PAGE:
No free ride

For commuters, the trek to campus is only part of the challenge.

September 24, 2004|By Michael Tunison | Michael Tunison,Special to Baltimoresun.com

As the college mythos goes, commuters are nowhere to be seen.

Most fictional depictions of college life revolve around dorms or frat houses -- namely stuff on campus. Though commuters aren't figured prominently in the lore of university life, that hardly means they're relegated to being campus ciphers.

Nationwide, it's been reported in various commuter guides that roughly 87 percent of all college students commute from off-campus homes. Maryland is no exception, with commuter-rich schools such as Towson University, with a commuter enrollment of 75 percent, and Bowie State University with a commuter population of 84.6 percent in 2002. Defined broadly as one who doesn't live on campus in a residence hall or apartment, the term commuter encompasses a wide range of students. Which means it's not just driving that defines the commuter, who can also travel by walking, biking or public transportation.

Like most things, being a commuter has its pros and cons: If you're living at home, you still have parents to cover everyday needs, such as laundry and food. When you want peace to study, you can usually get it.

The drawbacks, however, include the time lost from driving to and from campus, which, depending on how far away you live, can be substantial. Another is the sense of alienation of seemingly being outside the school's social scene, especially if you're living with your parents and not sharing a house or apartment on the periphery of campus.

The key for commuters is learning how to overcome the obstacles and get the most of the college experience no matter where they call home.

Social scene

College can be a difficult transition into an academic and social environment. Those who can afford to live on campus are thrown headlong into the frenzy. Those who commute, for reasons financial or preferential, have a different experience.

"College feels a lot more secondary when you're a commuter," said Leaf Pell, a former commuting student at Towson University who now lives on campus. "I had a hard time focusing because there was much more to deal with, real-life issues."

Enyo Blege, a commuter assistant at University of Maryland, Baltimore campus, says commuter students can see their lives as "The Triangle," split between the house, class and homework.

"The school's already big enough as it is," said Chris Woodland, 23, a former commuter student at University of Maryland College Park and now one at the University of Maryland University College. "When you have to leave that and go to your parents' house or an apartment, that can take away from getting into the whole social environment."

"It's a lot of loneliness," Blege said. "They don't have an RA to push them to socialize and get involved, which is different from students living on campus."

Getting involved

Therefore, what commuter advisers will invariably exhort students to do is get involved with a campus club, activity or job. It is sound advice, and most schools hold fairs or events to familiarize students with the array of clubs and organizations. An example is the University of Maryland College Park's First Look Fair, typically held during the last week of September.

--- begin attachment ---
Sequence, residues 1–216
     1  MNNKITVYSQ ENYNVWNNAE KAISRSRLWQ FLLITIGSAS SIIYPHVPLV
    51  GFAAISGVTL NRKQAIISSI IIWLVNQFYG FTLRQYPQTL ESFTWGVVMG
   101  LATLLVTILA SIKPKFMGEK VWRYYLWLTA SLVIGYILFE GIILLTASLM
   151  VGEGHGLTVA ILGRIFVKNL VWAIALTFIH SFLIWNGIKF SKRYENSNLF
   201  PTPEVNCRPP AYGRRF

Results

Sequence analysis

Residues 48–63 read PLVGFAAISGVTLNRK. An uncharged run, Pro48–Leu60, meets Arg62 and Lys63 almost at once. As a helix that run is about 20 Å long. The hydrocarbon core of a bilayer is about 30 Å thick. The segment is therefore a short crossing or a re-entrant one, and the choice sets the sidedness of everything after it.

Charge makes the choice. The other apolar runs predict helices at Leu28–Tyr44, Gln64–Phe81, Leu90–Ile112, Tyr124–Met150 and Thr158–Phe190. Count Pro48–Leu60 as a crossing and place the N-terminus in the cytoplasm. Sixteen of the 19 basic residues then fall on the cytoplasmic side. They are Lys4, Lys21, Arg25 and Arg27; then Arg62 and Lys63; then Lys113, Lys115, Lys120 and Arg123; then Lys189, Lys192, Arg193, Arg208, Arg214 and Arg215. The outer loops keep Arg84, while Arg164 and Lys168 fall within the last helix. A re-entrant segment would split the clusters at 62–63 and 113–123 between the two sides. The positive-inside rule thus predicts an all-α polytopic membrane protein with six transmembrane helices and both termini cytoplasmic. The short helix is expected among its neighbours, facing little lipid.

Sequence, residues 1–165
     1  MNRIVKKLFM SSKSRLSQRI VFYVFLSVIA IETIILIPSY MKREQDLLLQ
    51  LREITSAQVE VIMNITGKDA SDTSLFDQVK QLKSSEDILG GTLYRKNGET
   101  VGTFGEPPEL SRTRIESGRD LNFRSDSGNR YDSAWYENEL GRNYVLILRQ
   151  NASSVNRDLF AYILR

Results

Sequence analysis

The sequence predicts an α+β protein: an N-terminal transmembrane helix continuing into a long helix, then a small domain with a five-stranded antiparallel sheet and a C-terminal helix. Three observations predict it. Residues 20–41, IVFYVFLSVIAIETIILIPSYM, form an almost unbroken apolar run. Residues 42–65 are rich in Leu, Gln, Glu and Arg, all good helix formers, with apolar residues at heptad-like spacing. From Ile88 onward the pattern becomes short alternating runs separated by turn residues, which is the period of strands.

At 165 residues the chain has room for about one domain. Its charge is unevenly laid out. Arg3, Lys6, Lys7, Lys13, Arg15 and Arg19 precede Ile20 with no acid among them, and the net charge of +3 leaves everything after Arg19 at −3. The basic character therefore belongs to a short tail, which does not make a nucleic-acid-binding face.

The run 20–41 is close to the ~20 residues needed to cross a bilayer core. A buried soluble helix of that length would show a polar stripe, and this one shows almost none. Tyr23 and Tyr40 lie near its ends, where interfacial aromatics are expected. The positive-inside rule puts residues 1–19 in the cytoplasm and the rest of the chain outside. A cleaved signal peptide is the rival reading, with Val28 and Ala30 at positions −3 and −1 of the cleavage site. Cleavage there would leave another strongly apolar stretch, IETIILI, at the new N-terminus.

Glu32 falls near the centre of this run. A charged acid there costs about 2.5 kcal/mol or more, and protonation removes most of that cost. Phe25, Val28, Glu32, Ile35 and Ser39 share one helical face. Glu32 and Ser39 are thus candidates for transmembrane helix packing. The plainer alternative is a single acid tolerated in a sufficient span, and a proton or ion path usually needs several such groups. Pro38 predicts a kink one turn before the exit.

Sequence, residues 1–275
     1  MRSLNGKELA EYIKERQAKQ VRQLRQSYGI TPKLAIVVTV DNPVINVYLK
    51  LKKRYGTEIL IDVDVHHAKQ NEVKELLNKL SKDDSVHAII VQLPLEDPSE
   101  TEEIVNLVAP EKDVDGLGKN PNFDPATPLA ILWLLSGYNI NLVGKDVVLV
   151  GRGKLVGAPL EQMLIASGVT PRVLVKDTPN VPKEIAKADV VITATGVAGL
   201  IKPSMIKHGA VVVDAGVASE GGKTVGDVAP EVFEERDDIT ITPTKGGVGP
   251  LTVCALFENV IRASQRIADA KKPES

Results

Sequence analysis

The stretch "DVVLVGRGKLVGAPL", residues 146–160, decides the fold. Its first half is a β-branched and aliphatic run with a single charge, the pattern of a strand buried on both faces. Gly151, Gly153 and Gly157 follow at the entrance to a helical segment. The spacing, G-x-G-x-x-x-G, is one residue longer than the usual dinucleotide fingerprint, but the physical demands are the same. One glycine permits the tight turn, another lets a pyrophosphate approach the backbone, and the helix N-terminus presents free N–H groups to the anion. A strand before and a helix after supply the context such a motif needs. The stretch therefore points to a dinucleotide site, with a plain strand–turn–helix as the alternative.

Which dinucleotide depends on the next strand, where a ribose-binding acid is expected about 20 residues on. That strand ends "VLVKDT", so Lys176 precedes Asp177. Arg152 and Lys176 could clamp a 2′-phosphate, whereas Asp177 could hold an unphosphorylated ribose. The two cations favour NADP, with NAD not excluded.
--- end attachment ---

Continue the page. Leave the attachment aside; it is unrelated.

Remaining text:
In college, especially a large one, you would be hard-pressed not to find at least one club that suits your interests. Movie buffs, anime freaks, newshounds, breakdancers, writers, poets, activists, martial artists -- every niche is there for the exploring. Pick and choose until you find something you like.

Because commuter students typically can't tarry around campus on a school day after classes, chatting up some classmates is one good way to find a social toehold and earn a valuable study buddy. These can be invaluable for a commuter student, who may not have as many distractions in their living space as the on-campus student but still have a host of concerns for keeping up with studies.

Leslie Perkins, the coordinator of commuter programming and leadership at the University of Maryland College Park, instructs commuters to make use of the larger breaks they have between classes. Often, after being on campus most of the day, a student can be worn down and tired. Hence, it is best to get homework done in the library or other study areas on campus.

But sometimes that's not so easy.

"Being a commuter can mess up your thought process because you feel like you have to rush home to get anything done," said Woodland. "You get the attitude that you have to get it done at home instead of at the library or on campus."

Whereas resident students can retreat between classes and dump off things they don't need or relax in their rooms, commuters remain in a public or working environment. One way at least to alleviate some of the extra discomfort of lugging around all those books and folders is to rent a locker. Inquire if your school has lockers for rent (usually for a semester) in the student union or other convenient areas on campus.

Road trip

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